10 Easy Ways to Burn an Extra 100 Calories a Day

We’ll let you in on a little secret. Sometimes, the smallest changes can make the most significant impact in life. Take long-term weight loss, for example. You don’t need to adhere to extreme diets or a hardcore workout routine to achieve this health and fitness goal. Sometimes, you only need to burn an extra 100 calories a day to shed unwanted pounds and feel your best. Research observed that reducing your daily energy intake by just 100 calories was enough to prevent weight gain. This simple yet effective approach will support your fitness and weight loss goals without overhauling your entire lifestyle.

If you’re wondering what you can do to ensure you’re torching an additional 100 calories a day, we’ve got you covered. We chatted with Destini Moody, RDN, CSSD, LD, a registered dietitian and sports dietitian with Garage Gym Reviews, who shares practical advice, sustainable habits, and expert wisdom to help you start incinerating calories and melting away those extra pounds.

The beauty of burning 100 extra calories daily lies in its cumulative effect. Over a week, that’s 700 calories. Over a month, it’s a substantial 3,000 calories. These small adjustments can make a real difference in your overall energy balance and weight management. Read on for Moody’s 10 easy ways to burn an extra 100 calories a day, and when you’re done, don’t miss 6 Ways Stress Can Cause Weight Gain—and How You Can Avoid It.

Join a 45-minute fitness class.

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Whether it’s high-intensity interval training, dance, or cycling, structured fitness classes can be an excellent way to torch well beyond 100 calories. Plus, these classes boost cardiovascular health and provide a sense of camaraderie, making them an enjoyable way to reach your daily calorie-burning goal.

“Fitness classes like body pump or Zumba don’t allow you to take overly long breaks at your leisure to keep your heart rate high. This makes them challenging and efficient, helping you easily burn 100 calories or even more,” says Moody.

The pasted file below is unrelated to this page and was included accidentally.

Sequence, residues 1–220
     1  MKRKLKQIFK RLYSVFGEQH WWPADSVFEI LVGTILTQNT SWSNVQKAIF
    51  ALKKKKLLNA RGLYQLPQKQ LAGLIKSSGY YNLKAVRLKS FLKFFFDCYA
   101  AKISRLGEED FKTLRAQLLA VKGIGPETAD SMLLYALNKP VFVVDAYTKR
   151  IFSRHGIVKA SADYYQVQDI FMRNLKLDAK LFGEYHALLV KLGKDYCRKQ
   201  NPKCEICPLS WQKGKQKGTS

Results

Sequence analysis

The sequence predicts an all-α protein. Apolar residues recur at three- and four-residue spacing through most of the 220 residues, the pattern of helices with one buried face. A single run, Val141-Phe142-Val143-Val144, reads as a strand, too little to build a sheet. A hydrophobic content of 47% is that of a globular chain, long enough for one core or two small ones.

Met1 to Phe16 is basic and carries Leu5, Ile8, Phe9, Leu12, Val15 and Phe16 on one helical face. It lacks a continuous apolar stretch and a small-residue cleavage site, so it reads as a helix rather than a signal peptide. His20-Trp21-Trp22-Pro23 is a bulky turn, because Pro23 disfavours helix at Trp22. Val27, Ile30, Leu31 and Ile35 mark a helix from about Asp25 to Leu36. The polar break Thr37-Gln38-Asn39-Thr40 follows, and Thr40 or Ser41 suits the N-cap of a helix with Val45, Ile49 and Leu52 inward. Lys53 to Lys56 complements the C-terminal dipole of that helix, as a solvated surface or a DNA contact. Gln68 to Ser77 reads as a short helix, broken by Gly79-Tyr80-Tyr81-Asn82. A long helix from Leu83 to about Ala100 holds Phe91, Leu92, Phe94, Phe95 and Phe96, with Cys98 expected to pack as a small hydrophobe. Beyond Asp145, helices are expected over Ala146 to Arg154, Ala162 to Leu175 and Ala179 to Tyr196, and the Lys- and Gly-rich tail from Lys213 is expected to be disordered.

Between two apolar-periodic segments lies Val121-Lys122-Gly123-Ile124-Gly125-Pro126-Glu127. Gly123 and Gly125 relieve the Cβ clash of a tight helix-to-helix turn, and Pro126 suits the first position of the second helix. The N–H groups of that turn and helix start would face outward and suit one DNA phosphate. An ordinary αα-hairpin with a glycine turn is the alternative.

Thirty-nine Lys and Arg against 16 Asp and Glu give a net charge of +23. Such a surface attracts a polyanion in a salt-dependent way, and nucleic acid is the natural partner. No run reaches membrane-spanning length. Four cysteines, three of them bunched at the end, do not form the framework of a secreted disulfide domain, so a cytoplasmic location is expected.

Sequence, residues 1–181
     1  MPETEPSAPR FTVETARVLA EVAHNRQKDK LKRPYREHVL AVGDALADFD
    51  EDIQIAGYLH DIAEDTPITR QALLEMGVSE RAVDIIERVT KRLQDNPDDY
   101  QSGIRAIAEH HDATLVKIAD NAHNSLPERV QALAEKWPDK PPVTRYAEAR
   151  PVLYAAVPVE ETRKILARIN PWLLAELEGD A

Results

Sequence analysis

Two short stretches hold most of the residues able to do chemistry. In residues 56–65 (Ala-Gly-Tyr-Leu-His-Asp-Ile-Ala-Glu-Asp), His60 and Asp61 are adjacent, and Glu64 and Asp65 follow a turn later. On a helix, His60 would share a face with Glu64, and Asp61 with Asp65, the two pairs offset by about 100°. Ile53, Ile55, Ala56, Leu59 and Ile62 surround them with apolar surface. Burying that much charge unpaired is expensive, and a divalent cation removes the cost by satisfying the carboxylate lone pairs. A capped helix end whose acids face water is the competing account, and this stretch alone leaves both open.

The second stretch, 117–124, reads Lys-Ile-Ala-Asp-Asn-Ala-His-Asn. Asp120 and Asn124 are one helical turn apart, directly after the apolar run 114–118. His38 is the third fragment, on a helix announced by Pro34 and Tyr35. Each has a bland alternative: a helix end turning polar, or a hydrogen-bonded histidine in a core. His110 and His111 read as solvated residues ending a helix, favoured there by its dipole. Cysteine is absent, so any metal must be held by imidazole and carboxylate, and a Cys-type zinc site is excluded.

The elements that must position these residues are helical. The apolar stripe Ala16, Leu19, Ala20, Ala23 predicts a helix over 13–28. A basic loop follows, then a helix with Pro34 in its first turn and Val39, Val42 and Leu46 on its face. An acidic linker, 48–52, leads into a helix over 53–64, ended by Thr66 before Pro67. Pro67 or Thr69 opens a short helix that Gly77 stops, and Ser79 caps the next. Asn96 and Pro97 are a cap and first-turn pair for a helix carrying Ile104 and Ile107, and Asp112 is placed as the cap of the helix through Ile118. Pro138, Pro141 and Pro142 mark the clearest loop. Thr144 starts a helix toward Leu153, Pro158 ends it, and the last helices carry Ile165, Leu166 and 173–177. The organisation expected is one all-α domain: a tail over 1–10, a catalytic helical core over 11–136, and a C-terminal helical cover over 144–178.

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Eat more protein.

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Believe it or not, increasing your protein intake can help you burn more calories throughout the day. Research has shown that protein has a higher thermic effect, meaning your body spends more energy digesting it than fats or carbs.

“Protein can raise your resting metabolic rate because it takes more energy to digest than carbs or fat. It also makes you feel fuller for longer, which can lead to you eating 100 calories less throughout the day,” Moody explains.

Choose whole fruits over dried fruits.

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When it comes to snacking, opt for whole fruits over their dried counterparts. Whole fruits, like apples or berries, are nutrient-dense and contain more water and fiber, promoting a sense of fullness.

“A handful of raisins contains 150 calories, while a handful of grapes has 30 calories,” Moody states. “The kicker? They have the same nutrient profile in terms of vitamins, minerals, and fiber. The difference is the raisins have had water removed, which allows you to eat more of the caloric portion of the fruit. By eating whole fruits, you can end up eating 100 calories less than normal.”

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Don’t neglect cardio machines.

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Whether it’s the treadmill, elliptical, or stationary bike, cardio machines offer efficient and customizable workout options. Aim for at least 30 to 45 minutes of moderate-intensity cardio to reach that extra 100-calorie burn goal effortlessly.